General / Science

Sambar Science


I have been cooking sambar and rasam (type of lentil soups) all my adult life and in my opinion not only is it a comfort food but also a wholesome nutritious meal. It is one of the most complex dishes as it has a multidimensional depth of taste. This is a result of ingredients which come from different sources such as seeds, fruits, dry spices and oil. Even though sambar was accidentally created by a Maratha ruler, it has firmly taken residence in many of south Indian homes.  After all these years, finally my curiosity was tweaked enough to find out more about the science behind the dish I eat almost everyday. The main ingredients of sambar are lentils, tomatoes, tamarind pulp, vegetables and seasoning made of asafoetida, mustard seeds and curry leaves. 

The most commonly used lentil is pigeon peas which was first domesticated on Indian subcontinent about 3500 years ago. This is a shrub which has tap roots thus helping it thrive in tropical and subtropical regions. This is a major source of protein for the majority of vegetarians in India. This is one of the first legumes of such a genome sequence that was completed. A total of 1213 genes which provide resistance to disease or act as defense genes have been identified by this work. The proteins expressed by such genes render this as a hardy plant and made it a success story especially in dry and hot regions such as Africa, Latin America and Asia where it is a main source of protein. The name pigeon peas originated in Barbados as this lentil used to be fed to pigeons. The leaves of this plant are also edible, however it is not used in sambar preparation.  They are known for their medicinal properties and used for treatment of coughs, bronchitis, diarrhea. 

The next most important ingredient in sambar is tomato which is a fruit originally from South America. This is a fruit which is most widely used globally and is termed as red gold. This is a great source of Vitamin C, potassium, Vitamin B9 and Vitamin K. Even though tomatoes come in a variety of colors, it is the red ones which are mostly used for sambar and rasam. Apart from giving an attractive red color, tomatoes also infuse umami taste to dishes. There are roughly 20,000 varieties of tomatoes of which only a handful seem to be popular.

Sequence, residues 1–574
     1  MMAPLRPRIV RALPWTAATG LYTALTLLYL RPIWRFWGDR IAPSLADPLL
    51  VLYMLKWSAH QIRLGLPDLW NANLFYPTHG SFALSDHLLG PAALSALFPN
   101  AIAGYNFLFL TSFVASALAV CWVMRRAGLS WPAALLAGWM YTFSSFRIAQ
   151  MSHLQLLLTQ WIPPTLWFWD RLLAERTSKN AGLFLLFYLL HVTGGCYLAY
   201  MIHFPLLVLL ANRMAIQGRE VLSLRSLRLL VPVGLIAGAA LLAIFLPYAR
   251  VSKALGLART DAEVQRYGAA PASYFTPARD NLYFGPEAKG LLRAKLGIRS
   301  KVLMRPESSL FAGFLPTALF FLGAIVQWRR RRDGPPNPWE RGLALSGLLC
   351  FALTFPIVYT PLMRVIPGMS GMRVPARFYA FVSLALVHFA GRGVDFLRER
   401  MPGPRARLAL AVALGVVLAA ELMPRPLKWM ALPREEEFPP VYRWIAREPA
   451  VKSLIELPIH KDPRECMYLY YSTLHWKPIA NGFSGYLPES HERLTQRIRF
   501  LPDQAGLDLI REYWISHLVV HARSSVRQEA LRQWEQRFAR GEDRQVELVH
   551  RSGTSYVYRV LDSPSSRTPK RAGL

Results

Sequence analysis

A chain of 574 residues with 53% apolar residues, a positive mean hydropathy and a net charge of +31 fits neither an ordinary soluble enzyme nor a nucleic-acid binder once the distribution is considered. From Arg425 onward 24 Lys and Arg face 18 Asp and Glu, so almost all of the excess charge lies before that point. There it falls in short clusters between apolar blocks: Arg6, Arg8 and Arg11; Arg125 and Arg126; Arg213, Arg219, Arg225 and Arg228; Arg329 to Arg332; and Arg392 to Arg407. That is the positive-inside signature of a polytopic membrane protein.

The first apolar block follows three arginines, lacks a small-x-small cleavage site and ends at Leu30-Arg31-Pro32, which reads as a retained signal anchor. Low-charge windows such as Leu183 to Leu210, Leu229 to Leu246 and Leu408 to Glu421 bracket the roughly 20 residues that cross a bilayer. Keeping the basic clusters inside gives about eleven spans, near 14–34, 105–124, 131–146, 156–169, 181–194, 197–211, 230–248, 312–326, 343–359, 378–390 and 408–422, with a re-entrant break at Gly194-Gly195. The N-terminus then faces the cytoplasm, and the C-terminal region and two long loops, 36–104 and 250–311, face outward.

Tamarind pulp is one of the influential ingredients which defines sambar and rasam in my opinion. The Tamarind tree is native to Africa, but is also seen grown in tropical and subtropical countries. This imparts a tangy flavor to the dish which makes sambar and rasam really addictive. Other than a wide array of vitamins, tamarind is also known to contain antioxidants. It is not just humans who find this fruit tasty, warthogs and lemurs have this as a part of their diet. Along with the above ingredients, any combination of vegetables can be used to create a wholesome meal. Apart from being eaten, the pulp is also used as a metal polish.




Additionally, dry spices such as turmeric, sambar/rasam powder are also added and no dish is complete without tempering which is done at the end. This is a technique where ingredients such as asafoetida, mustard seeds, dry chillies and curry leaves are roasted in  hot oil and added to the dish. This technique is mainly used in countries in and around India. The hot oil helps these dry spices to release their essential oils to a maximum extent so that these flavors are in the forefront of taste layers that is experienced. So, next time when you are taking a sip of sambar, remember it is not only the taste and the love of your mother that you are enjoying, it is also the rich history and science of the ingredients which makes this such a wonderful dish.

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